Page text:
Financial planners should inquire about the health of clients as early as possible. Discussions about life, disability, and long-term care insurance should be repeated until clients are comfortable having these discussions.

One of the main concerns that I hear from individuals about purchasing a long-term care insurance policy is whether they will use the policy. We buy car insurance and hope we never have an accident that results in using the policy. Car insurance is necessary and practical. If we are a good driver a return on the premiums paid never happens. Our premiums pay for the accident risk and repairs to the cars of other drivers on the road.

Long term care insurance is different. Paying a long-term care insurance premium is like building up a bank account to pay for care during the last years of life. Long-term care insurance is one protection to ensure that older adults can and will receive care when needed.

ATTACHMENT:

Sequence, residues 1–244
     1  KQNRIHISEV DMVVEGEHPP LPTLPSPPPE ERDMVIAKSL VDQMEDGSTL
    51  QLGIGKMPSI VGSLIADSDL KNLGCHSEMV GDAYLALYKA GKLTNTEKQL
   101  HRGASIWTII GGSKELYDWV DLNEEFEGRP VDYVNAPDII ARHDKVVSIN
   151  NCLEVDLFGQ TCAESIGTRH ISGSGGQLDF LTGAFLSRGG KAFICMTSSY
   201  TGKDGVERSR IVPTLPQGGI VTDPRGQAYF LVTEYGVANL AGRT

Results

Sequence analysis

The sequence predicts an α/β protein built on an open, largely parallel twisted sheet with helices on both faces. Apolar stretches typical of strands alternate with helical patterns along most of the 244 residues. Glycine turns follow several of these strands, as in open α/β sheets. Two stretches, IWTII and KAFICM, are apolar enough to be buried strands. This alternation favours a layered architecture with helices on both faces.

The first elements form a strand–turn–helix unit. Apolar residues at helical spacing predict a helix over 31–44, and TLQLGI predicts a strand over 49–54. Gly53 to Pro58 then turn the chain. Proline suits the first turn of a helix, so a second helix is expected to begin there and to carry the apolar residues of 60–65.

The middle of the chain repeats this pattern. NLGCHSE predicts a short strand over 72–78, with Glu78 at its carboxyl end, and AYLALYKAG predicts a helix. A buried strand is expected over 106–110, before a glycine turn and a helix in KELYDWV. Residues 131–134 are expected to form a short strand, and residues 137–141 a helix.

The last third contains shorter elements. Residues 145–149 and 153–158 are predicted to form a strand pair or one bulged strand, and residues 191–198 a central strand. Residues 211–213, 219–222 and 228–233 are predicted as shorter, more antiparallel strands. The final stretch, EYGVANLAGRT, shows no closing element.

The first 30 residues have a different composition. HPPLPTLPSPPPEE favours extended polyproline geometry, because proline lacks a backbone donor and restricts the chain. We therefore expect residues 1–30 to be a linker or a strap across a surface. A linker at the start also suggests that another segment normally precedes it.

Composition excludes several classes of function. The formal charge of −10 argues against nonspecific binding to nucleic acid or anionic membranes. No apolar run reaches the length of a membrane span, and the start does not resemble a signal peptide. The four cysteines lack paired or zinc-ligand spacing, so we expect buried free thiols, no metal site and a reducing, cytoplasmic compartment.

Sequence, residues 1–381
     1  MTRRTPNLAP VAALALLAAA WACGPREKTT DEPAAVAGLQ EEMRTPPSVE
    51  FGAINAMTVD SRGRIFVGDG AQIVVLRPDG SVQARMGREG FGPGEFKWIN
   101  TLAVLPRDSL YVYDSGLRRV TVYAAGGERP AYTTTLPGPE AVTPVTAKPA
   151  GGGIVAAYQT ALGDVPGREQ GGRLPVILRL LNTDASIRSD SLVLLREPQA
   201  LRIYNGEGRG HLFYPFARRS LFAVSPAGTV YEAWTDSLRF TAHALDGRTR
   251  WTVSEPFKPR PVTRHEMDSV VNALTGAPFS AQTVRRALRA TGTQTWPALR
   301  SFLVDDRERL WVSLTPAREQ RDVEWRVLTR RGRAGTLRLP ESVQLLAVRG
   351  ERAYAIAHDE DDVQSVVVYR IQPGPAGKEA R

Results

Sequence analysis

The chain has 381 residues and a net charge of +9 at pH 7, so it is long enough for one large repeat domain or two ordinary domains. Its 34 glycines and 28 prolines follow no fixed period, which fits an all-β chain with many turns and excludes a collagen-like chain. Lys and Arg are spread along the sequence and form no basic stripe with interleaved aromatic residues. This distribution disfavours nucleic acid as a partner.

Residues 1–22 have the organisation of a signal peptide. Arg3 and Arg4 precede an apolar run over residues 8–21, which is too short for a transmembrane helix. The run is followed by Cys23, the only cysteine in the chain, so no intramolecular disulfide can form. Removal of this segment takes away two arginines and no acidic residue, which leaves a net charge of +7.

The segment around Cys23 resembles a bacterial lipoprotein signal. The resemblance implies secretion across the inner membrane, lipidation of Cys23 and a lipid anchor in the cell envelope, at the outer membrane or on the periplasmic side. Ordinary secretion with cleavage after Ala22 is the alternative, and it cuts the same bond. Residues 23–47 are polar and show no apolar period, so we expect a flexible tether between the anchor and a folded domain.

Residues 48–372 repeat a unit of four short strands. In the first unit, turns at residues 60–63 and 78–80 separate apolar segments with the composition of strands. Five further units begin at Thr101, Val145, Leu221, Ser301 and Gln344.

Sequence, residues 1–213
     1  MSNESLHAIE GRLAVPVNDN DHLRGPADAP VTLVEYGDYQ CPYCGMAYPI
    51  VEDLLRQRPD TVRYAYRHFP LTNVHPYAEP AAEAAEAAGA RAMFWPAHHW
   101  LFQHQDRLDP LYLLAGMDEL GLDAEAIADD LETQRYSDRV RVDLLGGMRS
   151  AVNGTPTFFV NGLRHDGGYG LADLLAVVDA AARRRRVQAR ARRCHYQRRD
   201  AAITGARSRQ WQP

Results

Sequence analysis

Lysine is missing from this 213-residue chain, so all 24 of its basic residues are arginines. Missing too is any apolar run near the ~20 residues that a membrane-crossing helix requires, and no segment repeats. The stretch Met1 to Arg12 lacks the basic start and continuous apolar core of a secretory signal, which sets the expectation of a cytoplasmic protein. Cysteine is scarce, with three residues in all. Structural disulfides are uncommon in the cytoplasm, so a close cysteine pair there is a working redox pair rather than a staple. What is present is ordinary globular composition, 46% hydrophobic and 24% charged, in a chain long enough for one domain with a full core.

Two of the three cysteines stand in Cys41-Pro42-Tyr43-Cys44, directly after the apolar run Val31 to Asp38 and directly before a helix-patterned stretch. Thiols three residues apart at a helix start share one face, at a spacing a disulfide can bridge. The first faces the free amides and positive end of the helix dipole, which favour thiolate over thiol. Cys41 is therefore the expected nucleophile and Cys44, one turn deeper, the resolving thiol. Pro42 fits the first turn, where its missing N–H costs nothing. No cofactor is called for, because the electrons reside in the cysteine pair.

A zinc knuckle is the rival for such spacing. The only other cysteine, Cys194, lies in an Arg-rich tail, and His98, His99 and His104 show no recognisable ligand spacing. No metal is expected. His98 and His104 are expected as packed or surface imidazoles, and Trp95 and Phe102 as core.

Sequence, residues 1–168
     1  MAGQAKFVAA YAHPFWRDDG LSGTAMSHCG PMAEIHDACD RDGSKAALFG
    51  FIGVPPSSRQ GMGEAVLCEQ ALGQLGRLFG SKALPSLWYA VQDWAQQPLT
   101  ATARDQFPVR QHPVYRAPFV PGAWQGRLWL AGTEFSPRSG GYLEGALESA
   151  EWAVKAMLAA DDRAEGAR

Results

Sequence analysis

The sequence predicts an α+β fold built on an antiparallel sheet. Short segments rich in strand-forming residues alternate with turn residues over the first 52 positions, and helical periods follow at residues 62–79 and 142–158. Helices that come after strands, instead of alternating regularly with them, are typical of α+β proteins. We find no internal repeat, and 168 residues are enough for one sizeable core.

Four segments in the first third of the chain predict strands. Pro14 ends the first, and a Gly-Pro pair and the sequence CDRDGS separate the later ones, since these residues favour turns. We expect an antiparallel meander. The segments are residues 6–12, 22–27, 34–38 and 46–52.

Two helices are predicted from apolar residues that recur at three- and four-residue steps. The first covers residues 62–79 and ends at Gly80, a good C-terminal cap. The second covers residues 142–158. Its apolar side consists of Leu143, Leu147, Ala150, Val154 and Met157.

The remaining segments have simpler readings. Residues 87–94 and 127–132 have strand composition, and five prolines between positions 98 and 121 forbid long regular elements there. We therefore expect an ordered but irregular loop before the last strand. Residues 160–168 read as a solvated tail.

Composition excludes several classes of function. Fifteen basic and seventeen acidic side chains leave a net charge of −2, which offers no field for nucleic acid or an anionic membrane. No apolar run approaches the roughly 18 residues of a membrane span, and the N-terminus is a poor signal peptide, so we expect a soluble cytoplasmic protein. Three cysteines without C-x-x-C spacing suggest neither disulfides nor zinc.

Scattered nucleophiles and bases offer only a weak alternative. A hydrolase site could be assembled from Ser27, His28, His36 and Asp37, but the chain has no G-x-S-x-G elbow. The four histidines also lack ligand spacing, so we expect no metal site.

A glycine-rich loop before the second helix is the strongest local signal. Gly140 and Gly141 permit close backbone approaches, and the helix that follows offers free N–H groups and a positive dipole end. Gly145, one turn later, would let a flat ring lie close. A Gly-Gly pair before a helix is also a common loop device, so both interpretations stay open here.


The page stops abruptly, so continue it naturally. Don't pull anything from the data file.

The caveat is that not everyone qualifies for long-term care insurance. The other consideration is that not everyone can afford long term care insurance.

Purchasing insurance when young, healthy, and premiums are low is a wise decision. Individuals with certain conditions may be issued a policy but may pay a higher premium. Others diagnosed with dementia or a neurological disease are not offered a policy.

Skyrocketing Care Costs

Care costs increase an average of 6% or more each year. Nursing home care that averages $300 per day in 2019 at a 6% inflation rate will cost $537 per day in 2019.

For most older adults, the cost of nursing home care is beyond their financial means. Many older adults access public assistance through Medicaid. Women, who raised children and cared for a husband, —who according to statistics passes away first—are the primary residents of nursing homes.

Living in a nursing home and dying alone is the reward women receive for taking care of the family when financial means do not exist to pay privately for care. Lack of funds to pay for care for wives provides a rationale to purchase long term care insurance even when the husband has no interest in a policy. In my opinion, a policy should be the family payment to women for years raising children and taking care of the family.